Questions of fact are one focus of persuasive speaking. They propose that something is a fact. Questions of fact (which are also called propositions of fact) basically state that something is, something exists, or something doesn't exist.
Questions of fact contrast with questions of policy, which state that something should be, and questions of value, which state that something is good, bad, beautiful, or worthwhile.
In a persuasive speech, the speaker answers a question by proposing an answer and attempting to convince the audience that the answer is true and that they can believe the speaker. In essence, the speaker wants to audience to accept the his or her view as the cold, hard facts.
The following are three basic types of questions of fact:
1. Historical controversy: Knowledge that an event did happen in the past or that an object actually did exist.
2. Questions of current existence: Knowledge that something is happening now in the present (such as global warming).
3. Predictions: Forecasting what will happen in the future. Based on past events, the speaker identifies a pattern and attempts to convince the audience that the event will happen again.
EXAMPLEIf someone observes that gasoline prices drop right before national elections, he or she could attempt to convince others that they will drop again before the next election.
When creating a persuasive speech based around questions of fact, consider the following:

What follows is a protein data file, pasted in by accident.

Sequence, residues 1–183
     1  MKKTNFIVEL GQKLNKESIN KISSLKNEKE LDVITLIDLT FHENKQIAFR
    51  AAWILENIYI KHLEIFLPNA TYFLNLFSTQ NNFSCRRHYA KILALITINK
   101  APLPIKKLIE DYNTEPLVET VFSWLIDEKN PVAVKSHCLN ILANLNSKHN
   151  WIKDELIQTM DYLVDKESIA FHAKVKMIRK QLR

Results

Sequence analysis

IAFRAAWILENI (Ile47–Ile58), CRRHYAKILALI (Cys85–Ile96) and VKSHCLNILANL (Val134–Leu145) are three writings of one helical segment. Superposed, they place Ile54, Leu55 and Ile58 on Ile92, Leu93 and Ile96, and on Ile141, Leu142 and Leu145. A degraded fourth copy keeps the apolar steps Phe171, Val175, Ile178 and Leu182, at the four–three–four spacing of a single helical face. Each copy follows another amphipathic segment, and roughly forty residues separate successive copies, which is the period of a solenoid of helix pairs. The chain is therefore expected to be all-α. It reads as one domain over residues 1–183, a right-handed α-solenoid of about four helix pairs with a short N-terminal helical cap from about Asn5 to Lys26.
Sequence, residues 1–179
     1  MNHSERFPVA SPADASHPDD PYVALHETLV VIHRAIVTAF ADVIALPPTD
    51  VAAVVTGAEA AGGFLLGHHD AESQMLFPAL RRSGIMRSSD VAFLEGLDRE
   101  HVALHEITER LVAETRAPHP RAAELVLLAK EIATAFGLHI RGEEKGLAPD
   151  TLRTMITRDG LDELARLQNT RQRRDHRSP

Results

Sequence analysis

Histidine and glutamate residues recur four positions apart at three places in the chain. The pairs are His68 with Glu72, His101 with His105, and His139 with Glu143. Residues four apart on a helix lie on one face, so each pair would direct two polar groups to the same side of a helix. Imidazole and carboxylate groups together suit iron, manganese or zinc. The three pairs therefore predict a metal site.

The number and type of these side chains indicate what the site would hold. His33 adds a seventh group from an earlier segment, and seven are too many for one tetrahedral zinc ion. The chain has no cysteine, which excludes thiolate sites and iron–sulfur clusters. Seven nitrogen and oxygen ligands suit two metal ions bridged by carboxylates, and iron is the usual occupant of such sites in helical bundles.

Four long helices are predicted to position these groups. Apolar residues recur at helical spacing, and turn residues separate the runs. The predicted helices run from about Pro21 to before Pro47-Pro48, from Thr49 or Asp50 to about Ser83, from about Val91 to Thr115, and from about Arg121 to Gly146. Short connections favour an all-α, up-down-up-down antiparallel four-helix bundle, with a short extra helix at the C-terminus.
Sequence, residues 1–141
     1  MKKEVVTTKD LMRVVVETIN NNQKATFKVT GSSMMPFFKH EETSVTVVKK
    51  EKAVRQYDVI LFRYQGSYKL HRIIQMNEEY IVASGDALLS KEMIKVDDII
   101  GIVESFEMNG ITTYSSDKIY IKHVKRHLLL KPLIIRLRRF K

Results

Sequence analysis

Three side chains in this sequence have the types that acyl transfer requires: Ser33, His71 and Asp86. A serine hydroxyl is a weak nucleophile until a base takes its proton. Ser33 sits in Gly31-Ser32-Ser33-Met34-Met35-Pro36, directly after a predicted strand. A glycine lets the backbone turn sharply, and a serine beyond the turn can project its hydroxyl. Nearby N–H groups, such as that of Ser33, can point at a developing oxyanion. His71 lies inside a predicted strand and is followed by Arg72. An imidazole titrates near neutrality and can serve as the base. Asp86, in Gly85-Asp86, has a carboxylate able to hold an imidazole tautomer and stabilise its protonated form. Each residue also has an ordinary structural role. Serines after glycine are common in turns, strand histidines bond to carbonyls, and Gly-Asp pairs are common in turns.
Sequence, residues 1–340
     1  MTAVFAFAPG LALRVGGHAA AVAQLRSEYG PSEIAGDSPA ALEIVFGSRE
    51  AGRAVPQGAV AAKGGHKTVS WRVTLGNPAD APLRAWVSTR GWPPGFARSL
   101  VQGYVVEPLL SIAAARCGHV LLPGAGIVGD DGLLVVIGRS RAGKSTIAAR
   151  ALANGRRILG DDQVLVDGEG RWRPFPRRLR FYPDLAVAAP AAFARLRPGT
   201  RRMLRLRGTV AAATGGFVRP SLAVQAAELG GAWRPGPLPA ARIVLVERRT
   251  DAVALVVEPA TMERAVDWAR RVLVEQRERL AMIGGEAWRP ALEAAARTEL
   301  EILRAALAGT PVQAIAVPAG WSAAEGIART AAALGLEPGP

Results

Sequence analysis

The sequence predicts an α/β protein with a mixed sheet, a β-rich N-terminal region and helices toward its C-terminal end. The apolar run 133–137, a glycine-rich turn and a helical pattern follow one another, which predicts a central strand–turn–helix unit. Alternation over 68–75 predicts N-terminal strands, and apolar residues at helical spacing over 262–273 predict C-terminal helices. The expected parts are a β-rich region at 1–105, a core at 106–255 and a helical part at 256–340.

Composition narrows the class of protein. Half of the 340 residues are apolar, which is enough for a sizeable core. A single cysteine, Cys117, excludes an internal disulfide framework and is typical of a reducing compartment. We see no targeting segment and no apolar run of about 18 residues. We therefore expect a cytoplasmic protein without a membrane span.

1. Thesis: When developing a persuasive speech, begin with a thesis that states that something is true, meaning that it happened or did not happen. exists or does not exist.
2. Organization and evidence: In general, the evidence should be presented in topical order. It is important to consider the evidence carefully. The speaker must ask if it is possible that the observations actually occurred or could have occurred. Are the source of the evidence reliable, and were they in a position to actually observe what they reported? Is there reason to believe that a source may be biased, either personally or by the thinking prevalent at the time in history?
3. Reasoning: The speaker will usually be dealing with inductive reasoning, in which he or she asks the audience to agree with a conclusion after presenting all of the evidence. The speaker proves the position by presenting compelling evidence to support the thesis.
4. Ethics: As a speaker you have an ethical responsibility to provide reliable, valid evidence to the audience and be aware of and avoid your own bias in the selection of the evidence which you use.
Source: Boundless. "Persuasive Speeches on Questions of Fact." Boundless Communications Boundless, 17 Mar. 2017. Retrieved 22 May. 2017 from https://www.boundless.com/communications/textbooks/boundless-communications-textbook/persuasive-speaking-14/types-of-persuasive-speeches-73/persuasive-speeches-on-questions-of-fact-287-5434/